Efforts to keep Marmara Sea mucilage-free continue

Efforts to keep Marmara Sea mucilage-free continue

Efforts to keep Marmara Sea mucilage-free continue

As efforts to prevent marine mucilage, a thick layer of glop that invaded the Marmara Sea last year, continue with the participation of authorized institutions, a detailed report prepared by a committee set up in the Turkish parliament was presented to Parliament Speaker Mustafa Şentop.

The 400-page report includes the factors that cause marine mucilage in the Marmara Sea, as well as recommendations for its control and prevention.

“The most important factor in the formation of mucilage in the Marmara Sea is the increase in the ratio of nutrients in the water,” the report said.

The report pointed out that chemical fertilizers given in excess of the plant’s need for crop production, animal excreta that are not properly stored in livestock enterprises, and nutrients in silage water mix with the surface flow and create pollution by mixing with the surface and underground waters.

“It is considered that complying with the precautions to be taken while carrying out agricultural activities will significantly reduce the pollution originating from agriculture,” it noted.

Stressing that pollution caused by urban, industrial, agricultural and maritime activities should be determined in order to control and prevent marine mucilage and similar incidents again, the report underlined the need for training and awareness activities in order to reduce the impact of pollution sources and the pollution load.

The report also highlighted the importance of wastewater management due to the increasing need for water caused by rapid population growth, over-use and pollution arising in parallel with the ever-developing industrial and agricultural activities.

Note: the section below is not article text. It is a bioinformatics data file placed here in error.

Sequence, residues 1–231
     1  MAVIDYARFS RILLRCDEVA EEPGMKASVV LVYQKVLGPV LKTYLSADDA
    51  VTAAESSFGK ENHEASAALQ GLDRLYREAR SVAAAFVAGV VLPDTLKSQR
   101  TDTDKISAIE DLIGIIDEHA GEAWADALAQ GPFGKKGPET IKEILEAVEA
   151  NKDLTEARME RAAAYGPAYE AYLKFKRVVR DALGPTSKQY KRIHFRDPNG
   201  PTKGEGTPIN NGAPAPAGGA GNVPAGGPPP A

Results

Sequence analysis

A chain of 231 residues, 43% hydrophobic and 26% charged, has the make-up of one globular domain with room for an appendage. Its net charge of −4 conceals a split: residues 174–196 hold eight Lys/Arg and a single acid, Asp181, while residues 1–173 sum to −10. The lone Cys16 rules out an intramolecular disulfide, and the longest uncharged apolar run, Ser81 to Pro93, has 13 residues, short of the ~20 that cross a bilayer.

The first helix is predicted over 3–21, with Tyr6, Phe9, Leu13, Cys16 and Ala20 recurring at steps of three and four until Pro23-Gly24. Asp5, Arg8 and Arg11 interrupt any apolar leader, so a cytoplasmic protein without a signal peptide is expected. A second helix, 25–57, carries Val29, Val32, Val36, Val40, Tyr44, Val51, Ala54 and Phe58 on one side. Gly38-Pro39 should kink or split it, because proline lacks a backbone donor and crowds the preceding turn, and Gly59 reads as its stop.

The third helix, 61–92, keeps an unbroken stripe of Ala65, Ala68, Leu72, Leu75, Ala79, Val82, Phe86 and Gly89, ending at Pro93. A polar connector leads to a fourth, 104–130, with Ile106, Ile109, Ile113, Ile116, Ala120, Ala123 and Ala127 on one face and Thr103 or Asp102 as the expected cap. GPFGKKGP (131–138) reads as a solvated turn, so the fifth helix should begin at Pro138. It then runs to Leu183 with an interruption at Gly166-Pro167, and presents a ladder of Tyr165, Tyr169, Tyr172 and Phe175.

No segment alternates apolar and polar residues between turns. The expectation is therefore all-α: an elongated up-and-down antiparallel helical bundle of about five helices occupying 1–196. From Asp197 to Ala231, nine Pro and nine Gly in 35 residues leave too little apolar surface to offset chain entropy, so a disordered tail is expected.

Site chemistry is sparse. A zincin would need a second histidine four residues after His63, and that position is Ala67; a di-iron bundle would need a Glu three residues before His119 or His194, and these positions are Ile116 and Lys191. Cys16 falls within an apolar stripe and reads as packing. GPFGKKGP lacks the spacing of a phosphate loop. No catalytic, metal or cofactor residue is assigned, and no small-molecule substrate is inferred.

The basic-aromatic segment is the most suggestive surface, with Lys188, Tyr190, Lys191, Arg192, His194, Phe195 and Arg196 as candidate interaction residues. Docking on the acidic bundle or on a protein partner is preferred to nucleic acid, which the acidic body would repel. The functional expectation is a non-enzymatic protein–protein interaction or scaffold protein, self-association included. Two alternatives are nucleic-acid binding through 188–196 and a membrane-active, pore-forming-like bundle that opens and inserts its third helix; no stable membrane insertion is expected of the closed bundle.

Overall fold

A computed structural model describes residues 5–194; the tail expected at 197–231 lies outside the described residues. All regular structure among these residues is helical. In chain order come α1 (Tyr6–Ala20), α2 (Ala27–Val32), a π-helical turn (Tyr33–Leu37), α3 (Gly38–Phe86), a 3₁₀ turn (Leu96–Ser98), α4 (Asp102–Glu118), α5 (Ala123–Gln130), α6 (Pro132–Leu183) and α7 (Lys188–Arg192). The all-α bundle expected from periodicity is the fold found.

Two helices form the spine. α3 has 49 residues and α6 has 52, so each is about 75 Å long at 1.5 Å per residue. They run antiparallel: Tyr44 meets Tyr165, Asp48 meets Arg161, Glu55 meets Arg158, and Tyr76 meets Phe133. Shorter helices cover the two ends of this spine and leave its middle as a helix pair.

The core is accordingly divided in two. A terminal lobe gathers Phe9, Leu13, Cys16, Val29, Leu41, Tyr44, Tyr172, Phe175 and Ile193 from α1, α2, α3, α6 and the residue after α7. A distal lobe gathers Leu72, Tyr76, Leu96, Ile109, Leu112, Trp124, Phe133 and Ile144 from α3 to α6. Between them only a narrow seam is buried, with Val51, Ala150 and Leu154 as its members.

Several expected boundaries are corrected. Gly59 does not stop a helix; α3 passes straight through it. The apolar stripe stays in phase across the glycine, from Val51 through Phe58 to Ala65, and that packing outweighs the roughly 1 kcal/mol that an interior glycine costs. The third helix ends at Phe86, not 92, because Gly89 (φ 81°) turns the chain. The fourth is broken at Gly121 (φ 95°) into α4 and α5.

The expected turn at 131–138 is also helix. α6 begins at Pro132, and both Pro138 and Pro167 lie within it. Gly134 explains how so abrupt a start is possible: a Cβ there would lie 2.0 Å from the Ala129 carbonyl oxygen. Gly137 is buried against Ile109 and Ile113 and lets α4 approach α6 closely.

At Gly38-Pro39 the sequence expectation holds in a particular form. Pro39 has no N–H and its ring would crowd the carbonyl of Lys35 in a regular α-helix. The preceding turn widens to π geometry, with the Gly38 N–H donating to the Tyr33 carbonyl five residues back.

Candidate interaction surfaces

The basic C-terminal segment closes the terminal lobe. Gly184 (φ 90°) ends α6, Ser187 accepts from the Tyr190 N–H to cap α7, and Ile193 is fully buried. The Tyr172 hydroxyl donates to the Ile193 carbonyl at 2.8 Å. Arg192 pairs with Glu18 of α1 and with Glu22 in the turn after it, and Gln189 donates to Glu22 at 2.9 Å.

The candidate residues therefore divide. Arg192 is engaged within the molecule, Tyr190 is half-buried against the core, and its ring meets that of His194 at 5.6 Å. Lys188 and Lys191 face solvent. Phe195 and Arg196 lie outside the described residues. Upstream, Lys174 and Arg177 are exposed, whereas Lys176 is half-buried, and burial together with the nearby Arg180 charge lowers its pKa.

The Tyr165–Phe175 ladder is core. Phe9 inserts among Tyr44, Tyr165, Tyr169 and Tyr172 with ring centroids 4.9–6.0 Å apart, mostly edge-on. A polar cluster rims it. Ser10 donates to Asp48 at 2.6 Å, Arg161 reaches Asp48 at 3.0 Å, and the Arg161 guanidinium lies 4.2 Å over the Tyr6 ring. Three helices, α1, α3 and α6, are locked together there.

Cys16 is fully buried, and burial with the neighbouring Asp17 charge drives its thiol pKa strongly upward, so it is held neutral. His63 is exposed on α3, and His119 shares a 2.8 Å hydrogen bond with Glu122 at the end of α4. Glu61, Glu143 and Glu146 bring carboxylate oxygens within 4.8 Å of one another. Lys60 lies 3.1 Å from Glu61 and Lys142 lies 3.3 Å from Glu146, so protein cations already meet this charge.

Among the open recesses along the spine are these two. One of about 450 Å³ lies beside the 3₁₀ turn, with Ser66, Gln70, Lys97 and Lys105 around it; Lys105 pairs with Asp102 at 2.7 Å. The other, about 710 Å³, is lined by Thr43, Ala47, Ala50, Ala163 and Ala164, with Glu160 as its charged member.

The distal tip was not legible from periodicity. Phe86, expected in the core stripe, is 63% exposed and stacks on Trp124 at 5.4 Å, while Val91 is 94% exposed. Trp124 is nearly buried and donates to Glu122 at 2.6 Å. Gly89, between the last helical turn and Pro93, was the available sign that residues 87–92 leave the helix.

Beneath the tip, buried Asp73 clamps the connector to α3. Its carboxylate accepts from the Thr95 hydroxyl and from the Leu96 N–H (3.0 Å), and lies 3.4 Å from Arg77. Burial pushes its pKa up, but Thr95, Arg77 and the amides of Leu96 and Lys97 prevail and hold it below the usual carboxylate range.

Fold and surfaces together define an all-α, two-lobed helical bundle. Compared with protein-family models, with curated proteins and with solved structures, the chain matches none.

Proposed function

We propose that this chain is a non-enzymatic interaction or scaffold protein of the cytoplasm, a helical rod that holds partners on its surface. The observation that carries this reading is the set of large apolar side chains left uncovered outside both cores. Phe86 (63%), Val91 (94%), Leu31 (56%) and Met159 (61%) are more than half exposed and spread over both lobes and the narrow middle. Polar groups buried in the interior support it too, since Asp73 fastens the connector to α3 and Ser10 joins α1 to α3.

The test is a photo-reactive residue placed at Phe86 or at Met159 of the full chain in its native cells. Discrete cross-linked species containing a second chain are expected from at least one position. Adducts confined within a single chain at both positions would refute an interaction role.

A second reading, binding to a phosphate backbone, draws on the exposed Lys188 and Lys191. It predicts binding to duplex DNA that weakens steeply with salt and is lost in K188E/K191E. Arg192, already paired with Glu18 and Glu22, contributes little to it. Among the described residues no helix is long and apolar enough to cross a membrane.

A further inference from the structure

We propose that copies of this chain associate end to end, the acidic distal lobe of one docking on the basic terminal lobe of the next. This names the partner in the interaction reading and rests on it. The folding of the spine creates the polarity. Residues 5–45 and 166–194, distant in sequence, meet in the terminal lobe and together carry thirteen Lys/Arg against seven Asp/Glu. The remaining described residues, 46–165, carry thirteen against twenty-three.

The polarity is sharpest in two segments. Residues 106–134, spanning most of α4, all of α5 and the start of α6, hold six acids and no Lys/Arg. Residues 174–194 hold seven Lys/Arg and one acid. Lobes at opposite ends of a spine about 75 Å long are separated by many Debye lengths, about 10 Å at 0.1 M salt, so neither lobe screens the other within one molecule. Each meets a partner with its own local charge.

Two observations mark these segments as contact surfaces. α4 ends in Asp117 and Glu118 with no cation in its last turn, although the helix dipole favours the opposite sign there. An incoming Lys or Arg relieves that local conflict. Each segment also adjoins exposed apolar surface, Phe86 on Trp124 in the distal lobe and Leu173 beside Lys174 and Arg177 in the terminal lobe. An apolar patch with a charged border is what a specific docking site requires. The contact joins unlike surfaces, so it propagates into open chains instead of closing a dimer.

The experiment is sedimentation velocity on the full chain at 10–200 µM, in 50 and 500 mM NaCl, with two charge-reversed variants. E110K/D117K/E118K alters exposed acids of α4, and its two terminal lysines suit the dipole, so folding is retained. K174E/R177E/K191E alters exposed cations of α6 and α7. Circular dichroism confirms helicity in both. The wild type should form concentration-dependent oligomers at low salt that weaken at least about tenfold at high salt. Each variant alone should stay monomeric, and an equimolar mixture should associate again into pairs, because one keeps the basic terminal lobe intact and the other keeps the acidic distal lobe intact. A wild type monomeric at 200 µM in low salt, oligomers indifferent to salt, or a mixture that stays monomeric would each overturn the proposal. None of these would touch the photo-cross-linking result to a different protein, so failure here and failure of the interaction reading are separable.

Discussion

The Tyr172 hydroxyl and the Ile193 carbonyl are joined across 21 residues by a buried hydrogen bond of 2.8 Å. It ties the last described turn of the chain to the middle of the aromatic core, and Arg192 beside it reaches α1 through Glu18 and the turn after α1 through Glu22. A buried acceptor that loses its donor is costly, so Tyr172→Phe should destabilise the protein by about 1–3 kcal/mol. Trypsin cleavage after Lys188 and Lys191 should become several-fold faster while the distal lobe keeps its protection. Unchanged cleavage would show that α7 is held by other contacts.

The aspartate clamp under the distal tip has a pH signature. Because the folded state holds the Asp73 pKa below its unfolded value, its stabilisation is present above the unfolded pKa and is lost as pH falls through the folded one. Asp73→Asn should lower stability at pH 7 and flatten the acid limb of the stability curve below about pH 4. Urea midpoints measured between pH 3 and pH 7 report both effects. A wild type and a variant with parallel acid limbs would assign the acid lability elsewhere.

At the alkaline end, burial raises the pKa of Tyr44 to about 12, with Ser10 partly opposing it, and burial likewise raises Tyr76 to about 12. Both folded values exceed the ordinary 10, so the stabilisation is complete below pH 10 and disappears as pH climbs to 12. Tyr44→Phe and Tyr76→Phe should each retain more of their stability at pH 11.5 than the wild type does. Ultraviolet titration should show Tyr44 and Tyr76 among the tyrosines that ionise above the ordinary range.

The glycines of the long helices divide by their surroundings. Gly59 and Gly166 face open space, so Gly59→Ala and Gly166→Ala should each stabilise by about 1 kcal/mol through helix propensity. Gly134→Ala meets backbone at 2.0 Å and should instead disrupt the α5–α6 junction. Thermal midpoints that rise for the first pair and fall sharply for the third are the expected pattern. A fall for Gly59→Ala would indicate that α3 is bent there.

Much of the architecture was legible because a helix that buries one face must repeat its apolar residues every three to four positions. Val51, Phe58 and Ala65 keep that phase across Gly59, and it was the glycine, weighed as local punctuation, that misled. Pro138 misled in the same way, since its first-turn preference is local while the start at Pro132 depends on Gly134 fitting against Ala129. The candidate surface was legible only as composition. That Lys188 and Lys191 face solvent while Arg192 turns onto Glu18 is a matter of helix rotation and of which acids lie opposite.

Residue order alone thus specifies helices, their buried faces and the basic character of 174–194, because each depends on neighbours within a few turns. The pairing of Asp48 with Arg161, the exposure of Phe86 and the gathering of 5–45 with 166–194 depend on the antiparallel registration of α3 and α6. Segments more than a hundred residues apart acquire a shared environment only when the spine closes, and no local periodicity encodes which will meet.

“The basic principle in wastewater management should be ‘minimum pollution’ and ‘maximum recovery’. In order to reduce the wastewater load in the Marmara Sea Basin, first of all, clean production practices based on the principle of preventing pollution at the source should reduce the waste water flow and pollution load,” it said.

“All domestic and industrial wastewater should be subjected to advanced biological treatment, water recovery should be provided in treatment plants, and reducing the nitrogen-phosphorus load of the Marmara Sea should be a priority measure,” it added.

Noting that the principle of using the Marmara Sea undercurrent as a conveyor for diluting untreated or insufficiently treated wastewater and transporting it to the Black Sea should be abandoned, the report pointed out that physical and biological domestic wastewater treatment plants should be transformed into advanced biological treatment plants immediately.